Sunday, July 18, 2010

The NAACP vs. the "tea-party" movement

You may recall that the NAACP, of which I have never been a member, recently called the "tea-party" movement racist. An unfair comparison? Perhaps.

But given history, an understandable one.

According to a commentary in today's New York Times by Matt Bai, the real issue is generational, not racial or even so much political. He notes that "tea-partiers" are most likely to be baby-boomers, while activists for the NAACP tend to be that age or even older and thus remember the fight for civil rights in the 1950s and '60s and are not willing to put up with folks they suspect threaten such gains.

And in fact, the NAACP has long been on the bad side of right-wing groups. In 1998, after writing an op-ed for the Pittsburgh Post-Gazette in which I was a tad critical of the NAACP for taking what I considered an inappropriate stand, a black right-wing newsletter, "Issues and Views," mysteriously appeared in my mailbox at work, and it advised its readers to "take back power from ... the NAACP." Two years later the NAACP ran a voter-registration drive to counter what they saw as below-the-belt tactics by the conservatives, particularly their impeachment of Bill Clinton for ostensibly political reasons -- and its chairman consequently drawing rebukes from then-House Majority Leader Dick Armey and former Speaker of the House Newt Gingrich.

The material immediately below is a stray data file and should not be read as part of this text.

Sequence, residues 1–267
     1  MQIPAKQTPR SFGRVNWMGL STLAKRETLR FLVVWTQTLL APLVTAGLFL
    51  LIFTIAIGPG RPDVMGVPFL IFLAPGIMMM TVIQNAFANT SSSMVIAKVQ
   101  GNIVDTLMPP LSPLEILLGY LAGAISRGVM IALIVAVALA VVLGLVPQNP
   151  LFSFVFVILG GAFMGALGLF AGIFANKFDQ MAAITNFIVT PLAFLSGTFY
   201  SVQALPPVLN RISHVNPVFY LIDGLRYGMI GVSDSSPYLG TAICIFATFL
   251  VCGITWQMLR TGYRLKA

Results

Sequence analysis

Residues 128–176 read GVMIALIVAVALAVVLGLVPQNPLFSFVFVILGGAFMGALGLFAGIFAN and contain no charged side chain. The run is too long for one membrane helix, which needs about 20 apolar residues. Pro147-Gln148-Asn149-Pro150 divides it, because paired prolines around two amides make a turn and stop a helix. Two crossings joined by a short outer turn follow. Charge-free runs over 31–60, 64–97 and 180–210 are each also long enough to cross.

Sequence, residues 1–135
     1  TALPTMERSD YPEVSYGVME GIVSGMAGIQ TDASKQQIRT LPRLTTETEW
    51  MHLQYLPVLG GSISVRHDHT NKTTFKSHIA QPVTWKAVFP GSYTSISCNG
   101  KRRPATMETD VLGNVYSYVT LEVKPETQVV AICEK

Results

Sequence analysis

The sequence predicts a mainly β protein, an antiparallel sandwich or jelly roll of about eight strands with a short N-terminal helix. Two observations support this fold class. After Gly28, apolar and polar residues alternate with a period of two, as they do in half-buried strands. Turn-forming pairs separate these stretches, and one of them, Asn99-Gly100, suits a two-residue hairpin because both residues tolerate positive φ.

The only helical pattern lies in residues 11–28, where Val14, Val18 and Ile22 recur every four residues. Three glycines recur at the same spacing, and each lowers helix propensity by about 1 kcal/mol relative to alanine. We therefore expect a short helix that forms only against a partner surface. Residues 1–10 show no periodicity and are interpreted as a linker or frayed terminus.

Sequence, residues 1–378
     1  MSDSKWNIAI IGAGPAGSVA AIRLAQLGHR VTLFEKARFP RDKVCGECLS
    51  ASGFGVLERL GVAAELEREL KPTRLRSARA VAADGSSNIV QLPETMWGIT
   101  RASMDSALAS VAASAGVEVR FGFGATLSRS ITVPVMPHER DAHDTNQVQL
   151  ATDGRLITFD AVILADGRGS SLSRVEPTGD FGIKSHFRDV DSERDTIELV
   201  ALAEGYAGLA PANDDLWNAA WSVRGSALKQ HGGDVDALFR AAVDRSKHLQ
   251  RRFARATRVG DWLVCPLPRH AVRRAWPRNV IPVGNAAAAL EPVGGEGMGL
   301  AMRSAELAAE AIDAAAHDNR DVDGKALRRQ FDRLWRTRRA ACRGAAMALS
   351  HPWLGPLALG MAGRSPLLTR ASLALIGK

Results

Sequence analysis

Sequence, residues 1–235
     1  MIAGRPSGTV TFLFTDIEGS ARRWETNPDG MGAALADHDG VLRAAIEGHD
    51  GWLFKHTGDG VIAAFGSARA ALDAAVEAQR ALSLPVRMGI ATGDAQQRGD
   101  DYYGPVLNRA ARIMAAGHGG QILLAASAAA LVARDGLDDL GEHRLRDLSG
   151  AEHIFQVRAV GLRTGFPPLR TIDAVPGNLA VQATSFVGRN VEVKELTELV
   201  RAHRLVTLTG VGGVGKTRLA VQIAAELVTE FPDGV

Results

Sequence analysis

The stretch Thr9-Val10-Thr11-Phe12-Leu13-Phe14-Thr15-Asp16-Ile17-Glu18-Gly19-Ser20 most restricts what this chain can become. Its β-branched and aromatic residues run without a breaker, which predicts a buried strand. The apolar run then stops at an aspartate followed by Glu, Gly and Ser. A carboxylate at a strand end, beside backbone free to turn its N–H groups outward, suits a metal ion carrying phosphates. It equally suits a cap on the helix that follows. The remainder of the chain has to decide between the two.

Small wonder that then-President George W. Bush, arguably the most conservative chief executive in American history, skipped its annual convention until six years into his presidency.

But I was reminded of something in my own life: While I was always aware of the struggle for justice for African-Americans -- how could I not be? -- I never allowed myself to be defined by the struggle. And that caused problems with much of the rest of the African-American community of that day, specifically the 1970s through '90s, as I was always willing to cross such lines to mix with whites. You see, at some point in time you have to move forward and seek reconciliation with those who are, or used to be, opponents. Its failure to do so is one reason the NAACP has little pull among those younger than 40.

I see some of the same issues with conservatives in general and the "tea-party" movement in particular, which is why it has a reputation of racism, deserved or no -- I'm aware of no other groups they work with that don't agree with them on everything. Let's also keep in mind that in 2008 60 percent of the white "youth" vote went for Obama, with even some evangelicals giving the Democratic Party (often considered the "great Satan") a second look.

Bai noted that Gingrich suggests that NAACP members meet with "tea-party" representatives; Bai, on the other hand, suggested that older members of both camps meet with their younger counterparts. I get that -- because the up-and-coming generation isn't inclined to scapegoat their opponents. I think both need to happen.

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